Wednesday, April 27, 2005

Baby's First Bath

You may begin bathing your baby in a bathtub as soon as the umbilical cord stump heals completely and falls off. If you have a baby boy and he has been circumcised you will need to wait until his circumcision site heals completely.

The most important thing to do when giving your baby his or her first bath is to prepare well. Keep your baby's safety in mind. Do not, even for a moment, leave your baby unattended around water. Ignore the phone, turn off the stove, and let any other distractions wait until you can wrap your baby in a towel and take him with you.

Buy a tub that is a good fit for your baby. Although an infant tub is not an absolute necessity it is much easier to use one. You may also use a basin or a small pot for the first six months.

Gather your supplies.

You will need:
Gentle soap and shampoo. There are many varieties, designed just for babies, available.
Clean Washcloths.
Hooded towel. You can use a regular towel but the hooded towels are cute and the hood is useful for keeping baby's head warm.
Baby Lotion
Clean diaper
Clean Clothes.

Place the infant tub inside a regular sink or bathtub. Although a counter top may seem to be an ideal place to bathe baby, a countertop can become wet and slippery creating a hazard. Avoid using a counter top.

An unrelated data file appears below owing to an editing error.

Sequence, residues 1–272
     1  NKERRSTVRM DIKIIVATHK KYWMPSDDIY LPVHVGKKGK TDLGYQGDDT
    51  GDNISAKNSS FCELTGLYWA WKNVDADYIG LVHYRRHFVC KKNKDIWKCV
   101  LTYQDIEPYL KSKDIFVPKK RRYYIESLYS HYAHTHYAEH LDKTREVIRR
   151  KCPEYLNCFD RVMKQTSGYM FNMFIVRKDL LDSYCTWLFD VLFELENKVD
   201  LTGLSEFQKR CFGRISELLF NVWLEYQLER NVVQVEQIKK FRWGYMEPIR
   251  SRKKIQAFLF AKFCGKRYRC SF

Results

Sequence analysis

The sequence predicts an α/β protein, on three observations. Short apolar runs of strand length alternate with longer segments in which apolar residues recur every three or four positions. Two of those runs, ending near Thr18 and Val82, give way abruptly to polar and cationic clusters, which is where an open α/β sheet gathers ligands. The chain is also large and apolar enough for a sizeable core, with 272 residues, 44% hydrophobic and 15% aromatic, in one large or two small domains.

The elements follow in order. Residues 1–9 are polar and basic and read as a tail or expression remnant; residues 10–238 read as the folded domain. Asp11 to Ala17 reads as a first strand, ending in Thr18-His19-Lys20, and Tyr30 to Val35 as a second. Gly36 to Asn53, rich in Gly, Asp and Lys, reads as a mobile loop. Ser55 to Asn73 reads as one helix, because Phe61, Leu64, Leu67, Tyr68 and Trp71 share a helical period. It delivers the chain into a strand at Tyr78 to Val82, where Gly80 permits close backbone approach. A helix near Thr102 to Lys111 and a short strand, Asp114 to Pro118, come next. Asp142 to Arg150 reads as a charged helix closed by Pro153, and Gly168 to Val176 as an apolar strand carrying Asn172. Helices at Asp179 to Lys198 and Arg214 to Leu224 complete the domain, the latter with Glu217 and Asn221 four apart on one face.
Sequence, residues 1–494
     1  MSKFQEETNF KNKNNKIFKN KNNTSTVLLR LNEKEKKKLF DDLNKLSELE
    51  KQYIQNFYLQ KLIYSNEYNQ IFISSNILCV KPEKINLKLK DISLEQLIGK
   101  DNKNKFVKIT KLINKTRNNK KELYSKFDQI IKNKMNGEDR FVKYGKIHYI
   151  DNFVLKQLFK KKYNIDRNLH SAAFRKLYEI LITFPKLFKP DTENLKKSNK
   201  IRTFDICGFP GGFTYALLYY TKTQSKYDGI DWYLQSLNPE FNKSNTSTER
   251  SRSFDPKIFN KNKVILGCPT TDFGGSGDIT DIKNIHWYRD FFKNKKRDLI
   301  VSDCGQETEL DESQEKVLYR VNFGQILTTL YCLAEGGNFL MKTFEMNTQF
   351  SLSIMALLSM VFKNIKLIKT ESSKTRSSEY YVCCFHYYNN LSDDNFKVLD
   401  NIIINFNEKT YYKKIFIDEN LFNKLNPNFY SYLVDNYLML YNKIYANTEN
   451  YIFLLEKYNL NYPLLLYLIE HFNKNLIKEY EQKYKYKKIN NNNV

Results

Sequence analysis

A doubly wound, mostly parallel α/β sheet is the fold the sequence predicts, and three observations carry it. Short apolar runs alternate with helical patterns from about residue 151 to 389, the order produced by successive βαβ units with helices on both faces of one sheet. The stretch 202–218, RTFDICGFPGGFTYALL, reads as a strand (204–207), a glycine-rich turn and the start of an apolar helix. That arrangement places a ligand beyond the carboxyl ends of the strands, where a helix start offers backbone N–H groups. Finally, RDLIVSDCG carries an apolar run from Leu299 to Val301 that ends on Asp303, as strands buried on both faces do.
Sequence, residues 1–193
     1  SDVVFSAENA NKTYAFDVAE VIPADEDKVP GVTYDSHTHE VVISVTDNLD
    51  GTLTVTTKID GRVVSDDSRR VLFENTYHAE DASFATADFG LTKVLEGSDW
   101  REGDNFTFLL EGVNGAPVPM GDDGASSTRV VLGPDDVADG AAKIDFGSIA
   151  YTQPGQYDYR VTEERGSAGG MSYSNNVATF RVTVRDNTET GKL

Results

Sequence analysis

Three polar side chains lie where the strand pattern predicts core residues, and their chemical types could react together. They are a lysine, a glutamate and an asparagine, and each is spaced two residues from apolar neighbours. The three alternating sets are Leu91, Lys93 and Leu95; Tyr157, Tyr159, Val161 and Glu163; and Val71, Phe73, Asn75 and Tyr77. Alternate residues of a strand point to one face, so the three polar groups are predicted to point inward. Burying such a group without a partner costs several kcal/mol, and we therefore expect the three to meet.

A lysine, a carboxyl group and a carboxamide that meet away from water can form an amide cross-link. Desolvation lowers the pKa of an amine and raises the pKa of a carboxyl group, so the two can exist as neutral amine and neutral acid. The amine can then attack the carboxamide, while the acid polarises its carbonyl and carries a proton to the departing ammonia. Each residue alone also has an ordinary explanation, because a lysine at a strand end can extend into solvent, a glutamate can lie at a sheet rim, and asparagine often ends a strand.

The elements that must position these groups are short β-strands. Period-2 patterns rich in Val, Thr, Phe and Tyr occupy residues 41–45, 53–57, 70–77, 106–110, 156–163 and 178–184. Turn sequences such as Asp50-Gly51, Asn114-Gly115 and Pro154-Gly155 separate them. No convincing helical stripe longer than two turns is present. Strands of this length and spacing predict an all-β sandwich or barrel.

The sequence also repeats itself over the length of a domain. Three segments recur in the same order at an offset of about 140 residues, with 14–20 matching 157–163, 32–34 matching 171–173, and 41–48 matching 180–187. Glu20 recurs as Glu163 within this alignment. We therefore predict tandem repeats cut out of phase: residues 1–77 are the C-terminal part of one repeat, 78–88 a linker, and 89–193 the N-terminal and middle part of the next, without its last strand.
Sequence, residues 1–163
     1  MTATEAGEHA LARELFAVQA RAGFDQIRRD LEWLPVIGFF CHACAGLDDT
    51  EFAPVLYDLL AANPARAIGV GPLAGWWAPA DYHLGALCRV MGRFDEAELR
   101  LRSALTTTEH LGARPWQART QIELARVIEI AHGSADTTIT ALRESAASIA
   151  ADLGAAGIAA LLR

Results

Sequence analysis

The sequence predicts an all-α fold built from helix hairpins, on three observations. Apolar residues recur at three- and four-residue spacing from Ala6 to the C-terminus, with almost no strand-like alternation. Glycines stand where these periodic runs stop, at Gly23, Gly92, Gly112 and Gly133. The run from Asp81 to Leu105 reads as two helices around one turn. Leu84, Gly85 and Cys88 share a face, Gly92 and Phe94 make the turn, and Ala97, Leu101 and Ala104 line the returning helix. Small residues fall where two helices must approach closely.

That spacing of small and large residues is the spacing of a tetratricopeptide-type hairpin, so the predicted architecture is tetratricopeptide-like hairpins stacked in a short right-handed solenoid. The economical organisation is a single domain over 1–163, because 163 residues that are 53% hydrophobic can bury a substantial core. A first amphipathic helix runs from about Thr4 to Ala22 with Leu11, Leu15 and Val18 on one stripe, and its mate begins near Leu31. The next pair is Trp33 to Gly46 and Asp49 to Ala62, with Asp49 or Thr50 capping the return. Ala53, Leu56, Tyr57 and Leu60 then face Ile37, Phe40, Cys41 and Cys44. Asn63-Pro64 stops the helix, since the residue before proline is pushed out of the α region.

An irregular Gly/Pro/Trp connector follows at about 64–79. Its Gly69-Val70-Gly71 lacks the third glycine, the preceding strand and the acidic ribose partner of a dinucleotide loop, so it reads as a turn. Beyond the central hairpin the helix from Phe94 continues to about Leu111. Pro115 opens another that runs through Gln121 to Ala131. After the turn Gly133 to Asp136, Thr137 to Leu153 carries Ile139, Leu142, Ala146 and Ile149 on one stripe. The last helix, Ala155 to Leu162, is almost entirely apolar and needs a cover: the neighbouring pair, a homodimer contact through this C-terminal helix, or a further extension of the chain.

Fill the infant tub with a few inches of water. Always be sure to test the temperature of the water before you put your baby in the tub. Test the water using the inside of your wrist or the tip of your elbow. The water should feel warm to the touch, not hot. It is wise to use a thermometer to measure the temperature of the water to be 100 percent sure it will be comfortable and safe for baby. The temperature of the water should be between less that 100 degrees Fahrenheit or 37.8 degrees Celsius. For safety, when you have children, it is recommended to keep household water set at 120 degrees Fahrenheit or less.

Gently place you baby's body in the water. Lower him slowly, supporting his head, while holding his bottom with the other hand. Keep your babies head up and out of the water. Support your baby's head and neck with one hand while you wash him with the other hand.

Begin by washing your babies face with plain water. You do not, under normal circumstances, need to use soap on your baby's face. Gently wipe each eyelid first, wash around the eyes, and then wash the rest of the face. Wash your baby's ears after you clean the rest of his face.

Wash the rest of your baby's body with soap and water. Be sure to clean in all your baby's folds and crevices. Clean thoroughly, but gently. There is no need to scrub hard. For health's sake, wash your baby's bottom last

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